How Can a Credit Union Help You Buy a Car?
Whether you are purchasing a car for the first time, replacing a car, or simply getting an upgrade, buying a car is a huge financial commitment that should not be rushed into. Before signing a deal and driving a new car off the lot, it’s imperative to have a budget set and a payment plan prepared.
You’ve made the decision to purchase a car, truck or van and even know the year, make, model and color you want. You can cross some major things off your list, but a lot of work remains in this very important purchasing decision.
The next step is a big one: Pinpoint how you’re going to pay for your vehicle.
Most people turn to banks or let the car dealer set them up with financing—and often wind up paying more than they need to for their new ride.
Most people are unaware, however, that securing a vehicle loan from a credit union can result in significant cost savings, with increased chances of receiving a loan approval with favorable terms and lower interest rates when compared with going through other lenders.
When it comes to purchasing a car, there are many options that you need to consider before making a final decision. The first consideration should be your budget. How much available funds do you have to put towards the car payments?
You likely have already thought about how much money you can afford to put down in purchasing a vehicle. You might even have an idea about how much you can afford to pay on a loan each month.
But be sure you consider all the costs of ownership when determining what you can afford:
- Monthly car loan payments
- Auto insurance premiums
- Gas and other regular driving costs such as tolls and parking
- Maintenance and other required costs such as oil changes, inspections and registrations
Find a Favorable Car Loan
Depending on the cost of the vehicle you want and how much you can afford to pay upfront as a down payment, you could be making car loan payments for many years. Planning ahead and securing financing before you go to make a purchase can help you save hundreds or even thousands of dollars over the repayment term of your loan.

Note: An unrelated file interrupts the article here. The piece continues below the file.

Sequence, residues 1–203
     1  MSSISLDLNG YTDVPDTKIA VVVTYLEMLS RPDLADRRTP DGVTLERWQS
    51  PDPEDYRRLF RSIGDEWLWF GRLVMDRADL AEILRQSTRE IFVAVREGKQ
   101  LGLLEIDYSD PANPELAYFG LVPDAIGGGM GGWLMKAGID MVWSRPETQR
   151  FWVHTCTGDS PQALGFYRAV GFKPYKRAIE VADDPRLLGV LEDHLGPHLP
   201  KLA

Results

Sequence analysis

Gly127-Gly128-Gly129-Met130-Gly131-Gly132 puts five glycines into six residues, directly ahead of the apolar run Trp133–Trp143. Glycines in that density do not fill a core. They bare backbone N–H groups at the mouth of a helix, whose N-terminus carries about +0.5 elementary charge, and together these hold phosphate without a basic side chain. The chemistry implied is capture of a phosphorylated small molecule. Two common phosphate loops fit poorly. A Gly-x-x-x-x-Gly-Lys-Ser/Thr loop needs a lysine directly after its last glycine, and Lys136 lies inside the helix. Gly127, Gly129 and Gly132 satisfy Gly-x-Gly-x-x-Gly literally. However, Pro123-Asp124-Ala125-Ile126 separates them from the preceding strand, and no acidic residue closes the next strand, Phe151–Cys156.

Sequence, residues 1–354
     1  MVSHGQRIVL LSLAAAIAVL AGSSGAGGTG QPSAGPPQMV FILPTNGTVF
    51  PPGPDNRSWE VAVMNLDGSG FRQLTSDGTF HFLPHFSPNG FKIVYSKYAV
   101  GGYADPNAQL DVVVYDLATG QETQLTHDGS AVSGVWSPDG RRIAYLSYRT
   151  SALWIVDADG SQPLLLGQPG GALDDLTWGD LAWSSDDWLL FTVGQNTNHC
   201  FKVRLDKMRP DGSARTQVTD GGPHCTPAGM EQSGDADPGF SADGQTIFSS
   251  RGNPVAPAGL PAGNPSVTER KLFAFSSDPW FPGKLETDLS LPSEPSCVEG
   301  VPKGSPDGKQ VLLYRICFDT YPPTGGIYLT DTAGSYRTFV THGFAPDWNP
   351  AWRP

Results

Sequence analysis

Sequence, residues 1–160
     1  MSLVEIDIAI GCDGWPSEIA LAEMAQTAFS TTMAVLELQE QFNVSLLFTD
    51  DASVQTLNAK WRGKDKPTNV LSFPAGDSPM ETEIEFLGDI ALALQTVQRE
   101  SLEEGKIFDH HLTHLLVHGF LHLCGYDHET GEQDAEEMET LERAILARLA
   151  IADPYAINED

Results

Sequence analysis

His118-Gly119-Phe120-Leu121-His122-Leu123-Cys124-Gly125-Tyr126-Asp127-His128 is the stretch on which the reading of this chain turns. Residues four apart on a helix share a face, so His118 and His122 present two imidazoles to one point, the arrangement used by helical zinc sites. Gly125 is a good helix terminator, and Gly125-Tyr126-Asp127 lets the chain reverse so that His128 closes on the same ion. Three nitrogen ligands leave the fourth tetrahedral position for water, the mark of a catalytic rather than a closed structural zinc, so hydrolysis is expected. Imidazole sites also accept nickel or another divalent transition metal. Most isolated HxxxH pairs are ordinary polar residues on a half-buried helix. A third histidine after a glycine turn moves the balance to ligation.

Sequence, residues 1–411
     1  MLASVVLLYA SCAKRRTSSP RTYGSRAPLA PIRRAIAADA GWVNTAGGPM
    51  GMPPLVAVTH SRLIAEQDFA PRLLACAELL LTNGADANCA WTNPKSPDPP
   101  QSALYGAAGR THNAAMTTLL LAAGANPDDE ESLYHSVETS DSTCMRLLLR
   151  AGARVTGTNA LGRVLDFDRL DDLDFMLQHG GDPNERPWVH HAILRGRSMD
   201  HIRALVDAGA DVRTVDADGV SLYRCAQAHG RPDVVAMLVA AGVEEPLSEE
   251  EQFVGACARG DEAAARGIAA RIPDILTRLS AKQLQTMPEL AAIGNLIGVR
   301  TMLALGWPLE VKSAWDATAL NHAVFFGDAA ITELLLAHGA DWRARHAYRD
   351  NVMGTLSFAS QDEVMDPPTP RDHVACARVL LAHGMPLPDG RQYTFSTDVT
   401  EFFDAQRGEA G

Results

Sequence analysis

To find a competitively low interest rate, credit unions are your best bet. As not-for-profit institutions designed to benefit their members, credit unions offer auto loans with competitive loan rates, flexible terms and no pre-payment penalties.
Plus, if your credit history is less than stellar—either because you have limited history or you’ve had some bad marks in the past—a credit union might even offer first-time-buyer or second-chance programs designed to help you get approved.
Get the Coverage You Need
If you’re not sure where to start with insurance for your vehicle, a credit union can likely help. Many credit unions partner with an insurance company to provide policies priced just for credit union members as an added benefit of membership. If you have home, renters’, or life insurance policies, ask those companies about multipolicy discounts that may apply. Compare quotes from a few insurance companies to find the plan that fits your budget and meets your coverage needs and service expectations.
Additionally, if you are financing a large portion of the vehicle cost, you might want to consider adding GAP insurance to your loan. Although your auto insurance will pay a certain amount if your vehicle is totaled or stolen, that amount could end up being less than the balance still owed on your loan. GAP pays that difference so you won’t be left making payments for a car you can no longer drive. When you’re discussing your financing options, a credit union lender can help you determine if GAP insurance might be a good option to add to your loan.
Budget for Related Expenses
Once you’ve figured out how to pay for your car and insurance, don’t forget that you’ll need to budget for more than just your monthly payments. There’s also regular maintenance, inspections and registration costs. If these occasional or annual costs will throw a wrench in your monthly budget, include them by setting aside a fraction each month.
Plus, if your car isn’t covered under any warranty, consider padding your monthly savings so you’ll be able to cover any unexpected repairs. A credit union can help you set up a designated savings account and automatic transfers to make this budgeting process easy.
When you’re ready to buy your next vehicle, you’ll discover many options for obtaining financing. But it’s important to plan ahead and look for the option that’s most favorable to your long-term financial health.
A fantastic place to start looking is at your local credit union.
Imagine going for a joy ride the day you buy your new car. It can be all the sweeter if you know you got yourself the best deal possible by doing your homework and exploring fantastic options available at your local credit union.